TUNIS, Tunisia — A lawyer for suspects in the 2015 attack that killed 38 people in a popular Tunisian resort offered condolences to the victims’ families Friday.
Twenty-one suspects, who have all denied any direct role in the attack, attended the final hearing of the trial over Tunisia’s deadliest attack.
The final session was dedicated to the defence’s closing arguments and a livestream was made possible so that families of victims in Europe could watch.
The court will adjourn and the deliberation will last at least 10 hours before a verdict is reached.
Defence lawyer Imen Truqui presented her condolences to families and insisted the trial was held in a democratic atmosphere, with all parties granted the right to defend themselves.
On June 26, 2015, in the coastal city of Sousse, attacker Aymen Rezgui walked onto the beach of the Imperial Hotel and used an assault rifle to shoot at tourists in lounge chairs, then continued onto the hotel pool before throwing a grenade into the hotel.
Rezgui, a Tunisian student who trained with Libyan militants, was killed about 15 minutes later by police. The Islamic State group claimed responsibility for the attack.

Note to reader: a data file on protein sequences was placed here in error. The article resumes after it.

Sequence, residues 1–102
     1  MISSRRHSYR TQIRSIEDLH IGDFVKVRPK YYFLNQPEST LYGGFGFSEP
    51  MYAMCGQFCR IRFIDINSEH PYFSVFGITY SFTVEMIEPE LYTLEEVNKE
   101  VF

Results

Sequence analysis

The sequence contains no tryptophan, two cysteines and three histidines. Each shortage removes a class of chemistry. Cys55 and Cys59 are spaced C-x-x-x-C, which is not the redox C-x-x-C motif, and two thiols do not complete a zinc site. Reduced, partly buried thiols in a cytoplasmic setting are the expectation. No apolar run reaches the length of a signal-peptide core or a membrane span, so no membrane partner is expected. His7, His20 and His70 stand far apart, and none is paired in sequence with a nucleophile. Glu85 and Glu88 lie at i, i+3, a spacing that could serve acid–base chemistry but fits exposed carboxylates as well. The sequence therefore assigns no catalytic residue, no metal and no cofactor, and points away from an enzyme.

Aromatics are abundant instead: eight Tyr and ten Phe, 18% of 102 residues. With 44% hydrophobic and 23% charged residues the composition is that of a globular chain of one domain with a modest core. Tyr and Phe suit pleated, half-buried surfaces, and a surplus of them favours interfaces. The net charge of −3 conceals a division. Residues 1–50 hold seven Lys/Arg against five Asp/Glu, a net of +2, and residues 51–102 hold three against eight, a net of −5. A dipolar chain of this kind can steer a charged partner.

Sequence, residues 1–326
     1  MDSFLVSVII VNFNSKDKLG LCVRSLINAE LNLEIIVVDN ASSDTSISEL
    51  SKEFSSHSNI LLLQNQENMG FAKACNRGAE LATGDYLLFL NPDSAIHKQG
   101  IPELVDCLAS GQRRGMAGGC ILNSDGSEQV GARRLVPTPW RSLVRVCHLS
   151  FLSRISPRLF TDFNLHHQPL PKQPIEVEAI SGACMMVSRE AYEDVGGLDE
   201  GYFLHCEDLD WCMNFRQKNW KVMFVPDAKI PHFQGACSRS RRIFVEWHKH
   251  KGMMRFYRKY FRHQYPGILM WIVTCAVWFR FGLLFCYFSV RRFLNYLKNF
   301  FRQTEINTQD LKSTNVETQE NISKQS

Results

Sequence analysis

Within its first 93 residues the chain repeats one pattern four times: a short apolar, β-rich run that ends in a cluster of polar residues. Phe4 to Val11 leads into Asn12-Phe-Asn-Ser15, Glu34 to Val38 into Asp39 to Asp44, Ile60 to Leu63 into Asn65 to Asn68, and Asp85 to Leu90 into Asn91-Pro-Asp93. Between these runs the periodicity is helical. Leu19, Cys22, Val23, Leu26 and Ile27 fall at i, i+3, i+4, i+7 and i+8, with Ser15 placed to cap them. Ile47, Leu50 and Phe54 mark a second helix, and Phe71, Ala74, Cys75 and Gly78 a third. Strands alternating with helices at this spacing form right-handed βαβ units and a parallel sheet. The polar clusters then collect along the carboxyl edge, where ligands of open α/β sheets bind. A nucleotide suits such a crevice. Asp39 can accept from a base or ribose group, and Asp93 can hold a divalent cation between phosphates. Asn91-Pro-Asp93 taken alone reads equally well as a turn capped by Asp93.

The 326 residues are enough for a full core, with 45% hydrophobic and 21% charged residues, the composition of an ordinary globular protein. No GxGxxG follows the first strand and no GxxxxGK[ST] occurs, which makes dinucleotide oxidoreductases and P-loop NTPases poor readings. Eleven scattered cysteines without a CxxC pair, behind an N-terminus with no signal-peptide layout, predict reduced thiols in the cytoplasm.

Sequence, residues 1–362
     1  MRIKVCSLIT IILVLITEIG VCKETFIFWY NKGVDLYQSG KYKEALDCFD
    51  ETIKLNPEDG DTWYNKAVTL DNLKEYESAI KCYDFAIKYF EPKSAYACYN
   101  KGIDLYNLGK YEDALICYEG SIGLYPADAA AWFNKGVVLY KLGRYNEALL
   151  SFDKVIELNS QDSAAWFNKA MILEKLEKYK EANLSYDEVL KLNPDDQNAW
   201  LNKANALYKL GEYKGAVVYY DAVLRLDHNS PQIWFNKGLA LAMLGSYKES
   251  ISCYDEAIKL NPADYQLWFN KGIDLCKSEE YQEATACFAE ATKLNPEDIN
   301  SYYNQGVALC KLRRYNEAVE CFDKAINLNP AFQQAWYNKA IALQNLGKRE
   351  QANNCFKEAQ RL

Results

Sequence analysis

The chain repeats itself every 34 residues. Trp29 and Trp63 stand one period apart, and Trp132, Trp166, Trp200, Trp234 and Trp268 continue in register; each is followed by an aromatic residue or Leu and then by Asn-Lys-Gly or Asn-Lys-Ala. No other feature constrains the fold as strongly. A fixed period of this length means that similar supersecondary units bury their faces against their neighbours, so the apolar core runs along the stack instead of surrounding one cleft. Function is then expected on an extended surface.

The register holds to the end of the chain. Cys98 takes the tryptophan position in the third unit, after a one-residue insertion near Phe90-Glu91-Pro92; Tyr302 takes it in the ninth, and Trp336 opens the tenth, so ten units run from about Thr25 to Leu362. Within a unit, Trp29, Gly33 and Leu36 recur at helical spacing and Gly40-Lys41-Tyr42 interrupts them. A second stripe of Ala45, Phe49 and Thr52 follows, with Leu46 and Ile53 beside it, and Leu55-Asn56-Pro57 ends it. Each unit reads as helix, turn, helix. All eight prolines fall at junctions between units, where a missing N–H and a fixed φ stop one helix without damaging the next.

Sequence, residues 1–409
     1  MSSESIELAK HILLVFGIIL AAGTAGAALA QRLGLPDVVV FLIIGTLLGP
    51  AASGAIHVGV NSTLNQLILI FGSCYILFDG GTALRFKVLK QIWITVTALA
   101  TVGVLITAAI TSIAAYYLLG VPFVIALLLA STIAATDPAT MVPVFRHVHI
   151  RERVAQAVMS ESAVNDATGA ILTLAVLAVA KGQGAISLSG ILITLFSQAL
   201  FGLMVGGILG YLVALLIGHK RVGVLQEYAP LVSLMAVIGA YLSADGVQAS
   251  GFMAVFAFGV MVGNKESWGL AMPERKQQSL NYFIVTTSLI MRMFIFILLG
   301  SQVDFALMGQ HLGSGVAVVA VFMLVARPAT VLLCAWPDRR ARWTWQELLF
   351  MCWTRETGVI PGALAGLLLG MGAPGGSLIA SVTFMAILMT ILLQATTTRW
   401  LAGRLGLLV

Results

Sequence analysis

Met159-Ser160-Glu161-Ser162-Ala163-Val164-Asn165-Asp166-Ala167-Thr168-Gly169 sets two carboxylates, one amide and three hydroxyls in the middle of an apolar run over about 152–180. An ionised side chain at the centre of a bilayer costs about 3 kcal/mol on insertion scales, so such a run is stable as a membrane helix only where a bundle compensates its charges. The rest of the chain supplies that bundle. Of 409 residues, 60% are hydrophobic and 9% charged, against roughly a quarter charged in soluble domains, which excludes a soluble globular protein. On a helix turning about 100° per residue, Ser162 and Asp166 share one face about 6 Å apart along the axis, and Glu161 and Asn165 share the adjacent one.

Some of the defendants face potential capital punishment for charges of premeditated murder, threatening state security and belonging to a group with extremist links.
In addition to the massacre at the beach resort, Tunisia suffered two other major attacks in 2015. At the famed Bardo Museum, 22 people were killed by extremists while 12 perished in the centre of Tunis on a bus carrying presidential guards.
The Islamic State group also claimed responsibility for those attacks, which, along with the attack at the Imperial Hotel, devastated the country’s tourism sector as travel agencies pulled out and governments issued travel warnings.
Tourism has since partially bounced back after Tunisia’s government implemented a series of measures aimed at securing popular destinations in the country.